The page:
Cardassian Union Warship Romac
Thirteenth Order Rebellion
Union Year 505
[Federation Year 2375]
Gul Tayben Berat sat in the mess hall aboard the Romac
, quietly observing the improbable pair that stood by the elliptical observation window. There stood Zejil Rebek now—a tiny presence, physically, for the rank she carried…but even if she hadn’t
been one of his dearest friends, he had to laugh silently at the thought of how hypocritical it would be for him, of all people, to comment. Especially after how she had stood by him after the Fist of Revenge coup, and the incident on Volan III. He certainly hadn’t forgotten how she’d rebuked Malyn Ocett after the comments the other gul had made right to Berat’s face, after his injuries. She might think Rebek nothing but a tiny ‘pocket vompăt
,’ but he knew better. And he’d heard how she had fought on the surface of Lessek, as well. If he had ever doubted how she would do her duty in light of her complicated allegiances—those days were gone many years ago.
At her side, the terhăn
lieutenant commander, Spirodopoulos, fixed his face reverently upon the stars and without the slightest hint of shame, made that same strange sign Berat had seen him make at the funeral: one hand, first three fingertips together, forehead to chest, shoulder to shoulder. As if it weren’t surreal enough already to see this alien wearing the armor of the Cardassian Guard, fitted perfectly to him in every way except for the narrowness of his neck, it seemed even more incongruous to see this armored man make such a gesture without a single thought as to what anybody might think. Or at least, without any fear of what anybody would do
to him for it.
Zejil—and she had granted him the right to call her Zija, as only her family and childhood friends could—watched him in complete stillness and, if he wasn’t mistaken, a touch of sadness. She said something to him then; he heard nothing—maybe she asked him what that sign meant. But she could never tell him why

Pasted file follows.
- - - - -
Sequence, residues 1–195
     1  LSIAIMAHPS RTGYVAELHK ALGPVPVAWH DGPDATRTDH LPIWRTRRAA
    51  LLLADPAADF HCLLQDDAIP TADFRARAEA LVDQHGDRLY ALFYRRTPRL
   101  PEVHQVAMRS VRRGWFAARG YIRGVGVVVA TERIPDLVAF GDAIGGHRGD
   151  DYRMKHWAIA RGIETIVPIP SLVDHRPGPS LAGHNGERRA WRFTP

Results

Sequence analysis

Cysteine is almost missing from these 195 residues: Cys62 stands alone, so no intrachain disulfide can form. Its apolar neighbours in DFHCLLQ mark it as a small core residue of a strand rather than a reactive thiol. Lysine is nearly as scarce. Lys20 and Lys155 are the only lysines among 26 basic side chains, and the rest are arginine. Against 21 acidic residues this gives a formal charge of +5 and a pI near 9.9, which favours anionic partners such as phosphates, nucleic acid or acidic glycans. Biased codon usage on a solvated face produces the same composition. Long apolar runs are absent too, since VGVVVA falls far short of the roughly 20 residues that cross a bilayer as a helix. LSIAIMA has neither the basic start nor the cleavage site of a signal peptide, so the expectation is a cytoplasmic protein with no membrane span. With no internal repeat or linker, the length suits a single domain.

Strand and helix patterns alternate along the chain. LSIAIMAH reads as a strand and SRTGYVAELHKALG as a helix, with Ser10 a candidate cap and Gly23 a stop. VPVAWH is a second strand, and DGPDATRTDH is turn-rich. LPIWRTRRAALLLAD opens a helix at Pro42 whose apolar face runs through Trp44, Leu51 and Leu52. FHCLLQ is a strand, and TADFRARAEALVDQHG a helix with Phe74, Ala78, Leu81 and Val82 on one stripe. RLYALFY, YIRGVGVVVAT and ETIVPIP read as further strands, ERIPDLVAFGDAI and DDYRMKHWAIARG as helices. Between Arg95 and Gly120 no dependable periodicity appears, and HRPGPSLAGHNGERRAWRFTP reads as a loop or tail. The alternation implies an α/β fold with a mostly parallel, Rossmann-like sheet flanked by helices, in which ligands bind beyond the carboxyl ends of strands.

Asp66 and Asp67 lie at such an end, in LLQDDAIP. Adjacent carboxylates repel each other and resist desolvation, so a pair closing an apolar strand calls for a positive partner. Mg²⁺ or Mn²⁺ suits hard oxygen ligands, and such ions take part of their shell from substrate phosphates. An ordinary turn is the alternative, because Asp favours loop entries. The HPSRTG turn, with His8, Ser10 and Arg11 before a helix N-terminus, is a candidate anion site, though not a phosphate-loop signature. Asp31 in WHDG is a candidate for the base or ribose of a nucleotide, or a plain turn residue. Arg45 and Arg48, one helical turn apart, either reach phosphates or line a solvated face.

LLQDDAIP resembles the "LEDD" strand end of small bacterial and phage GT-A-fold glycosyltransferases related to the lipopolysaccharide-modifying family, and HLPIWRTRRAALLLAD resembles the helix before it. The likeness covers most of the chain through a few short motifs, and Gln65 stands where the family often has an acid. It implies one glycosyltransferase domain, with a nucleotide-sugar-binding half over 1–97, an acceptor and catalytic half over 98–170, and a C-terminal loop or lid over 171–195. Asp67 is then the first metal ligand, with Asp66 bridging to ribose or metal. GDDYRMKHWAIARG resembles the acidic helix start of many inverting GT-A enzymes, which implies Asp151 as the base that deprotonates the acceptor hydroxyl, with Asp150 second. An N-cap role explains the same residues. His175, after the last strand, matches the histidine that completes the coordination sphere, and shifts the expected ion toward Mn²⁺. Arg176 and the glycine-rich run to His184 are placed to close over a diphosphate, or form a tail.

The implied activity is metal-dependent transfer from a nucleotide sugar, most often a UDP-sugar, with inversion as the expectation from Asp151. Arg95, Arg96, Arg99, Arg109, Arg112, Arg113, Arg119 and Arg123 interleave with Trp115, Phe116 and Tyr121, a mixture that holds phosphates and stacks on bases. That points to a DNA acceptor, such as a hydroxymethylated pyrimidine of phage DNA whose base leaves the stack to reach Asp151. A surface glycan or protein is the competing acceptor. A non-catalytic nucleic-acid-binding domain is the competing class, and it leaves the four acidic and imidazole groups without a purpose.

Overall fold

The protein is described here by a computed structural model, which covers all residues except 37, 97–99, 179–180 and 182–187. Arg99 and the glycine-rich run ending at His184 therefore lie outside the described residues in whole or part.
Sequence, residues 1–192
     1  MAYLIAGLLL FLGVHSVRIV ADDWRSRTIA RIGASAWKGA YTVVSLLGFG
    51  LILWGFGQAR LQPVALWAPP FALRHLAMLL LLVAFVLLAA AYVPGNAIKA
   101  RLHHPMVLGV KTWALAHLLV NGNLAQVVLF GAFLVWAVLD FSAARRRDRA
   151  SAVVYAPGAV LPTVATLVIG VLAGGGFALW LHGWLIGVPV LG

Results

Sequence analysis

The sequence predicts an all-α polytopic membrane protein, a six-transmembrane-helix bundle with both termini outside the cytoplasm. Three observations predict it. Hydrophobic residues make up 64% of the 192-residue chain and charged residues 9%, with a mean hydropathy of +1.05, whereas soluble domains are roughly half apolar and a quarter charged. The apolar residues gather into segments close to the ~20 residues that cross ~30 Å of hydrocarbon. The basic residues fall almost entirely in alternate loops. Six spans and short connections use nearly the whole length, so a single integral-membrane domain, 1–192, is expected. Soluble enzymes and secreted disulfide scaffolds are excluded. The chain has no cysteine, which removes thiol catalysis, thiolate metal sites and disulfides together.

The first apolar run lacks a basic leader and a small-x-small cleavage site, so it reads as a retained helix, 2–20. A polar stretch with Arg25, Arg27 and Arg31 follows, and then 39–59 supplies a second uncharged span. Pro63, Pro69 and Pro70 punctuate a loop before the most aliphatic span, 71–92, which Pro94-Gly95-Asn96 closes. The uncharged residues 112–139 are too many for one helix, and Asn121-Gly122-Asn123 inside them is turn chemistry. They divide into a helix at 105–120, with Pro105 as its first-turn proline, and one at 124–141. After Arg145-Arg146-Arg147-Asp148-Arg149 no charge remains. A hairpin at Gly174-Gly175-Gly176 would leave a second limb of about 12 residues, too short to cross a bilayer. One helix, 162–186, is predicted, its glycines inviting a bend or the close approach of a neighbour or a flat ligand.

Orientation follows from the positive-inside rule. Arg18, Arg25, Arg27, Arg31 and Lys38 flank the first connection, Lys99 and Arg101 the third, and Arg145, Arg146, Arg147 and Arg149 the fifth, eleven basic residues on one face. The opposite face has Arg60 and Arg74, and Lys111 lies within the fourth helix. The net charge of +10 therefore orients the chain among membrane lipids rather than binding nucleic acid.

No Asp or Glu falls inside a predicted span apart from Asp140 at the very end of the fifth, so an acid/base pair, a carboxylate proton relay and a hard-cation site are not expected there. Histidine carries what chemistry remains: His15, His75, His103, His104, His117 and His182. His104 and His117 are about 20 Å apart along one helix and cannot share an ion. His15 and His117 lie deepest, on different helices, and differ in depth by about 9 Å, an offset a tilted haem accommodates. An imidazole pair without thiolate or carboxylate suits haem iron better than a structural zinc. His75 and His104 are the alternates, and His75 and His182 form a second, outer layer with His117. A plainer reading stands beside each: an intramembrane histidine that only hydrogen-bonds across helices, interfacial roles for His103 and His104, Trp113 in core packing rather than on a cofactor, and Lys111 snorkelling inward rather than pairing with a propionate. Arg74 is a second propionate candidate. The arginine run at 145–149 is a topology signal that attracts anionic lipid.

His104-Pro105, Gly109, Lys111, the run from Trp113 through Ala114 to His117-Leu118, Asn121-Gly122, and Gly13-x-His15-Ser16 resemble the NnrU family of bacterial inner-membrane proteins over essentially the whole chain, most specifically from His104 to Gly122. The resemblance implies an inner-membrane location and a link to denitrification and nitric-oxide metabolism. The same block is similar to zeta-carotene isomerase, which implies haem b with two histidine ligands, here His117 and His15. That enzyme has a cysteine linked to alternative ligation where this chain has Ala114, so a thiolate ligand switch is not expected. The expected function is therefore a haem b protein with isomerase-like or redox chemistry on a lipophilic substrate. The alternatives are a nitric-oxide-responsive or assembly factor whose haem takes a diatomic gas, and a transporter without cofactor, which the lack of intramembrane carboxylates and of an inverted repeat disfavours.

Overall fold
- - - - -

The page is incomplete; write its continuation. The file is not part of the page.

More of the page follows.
she cared. Even on the same ship…he was free. She still was not. Even here, isolated from the rest of the Guard, even after inviting the alliance with the Starfleet soldiers under Spirodopoulos’ command, there were still those who would kill her if they realized what she was—and especially
in this time of shattered hierarchy. Too
many violations of the norms, and people were likely to snap.
What was that term he’d used for their observances twenty-two years ago? Yes…primitive ritualistic behavior.
That wasn’t what he saw now. She scrutinized the stars with the knowing eyes of a scientist; in return, they cast their cool white sheen upon her scales. The delicate blue pigments on her forehead and neck ridges iridesced at this touch, and as he watched, he felt as though he saw, obliquely, what it was that had frustrated her so severely that day in the Inquisitorium library. This painstaking study was for her a form of meditation and reverence—when she’d found her efforts frustrated, perhaps she had found it disruptive like the intrusion of his bioelectric field upon her prayer. It meant
something to her.
Even if she couldn’t speak openly to the man, she had to know that Spirodopoulos would comprehend her Way in a sense that most of her own species did not—not even her closest friend, who had kept her secret all this time and sown such trust between them that he could ask her to join this rebellion and she barely even blinked before she said ‘yes.’ But that wasn’t the same as speaking and truly being understood
. He felt as though he were standing in the wrong place. He wished…he wasn’t sure what
he longed for, but something would have to change before he could find out.
But I wouldn’t change Zija
much he knew.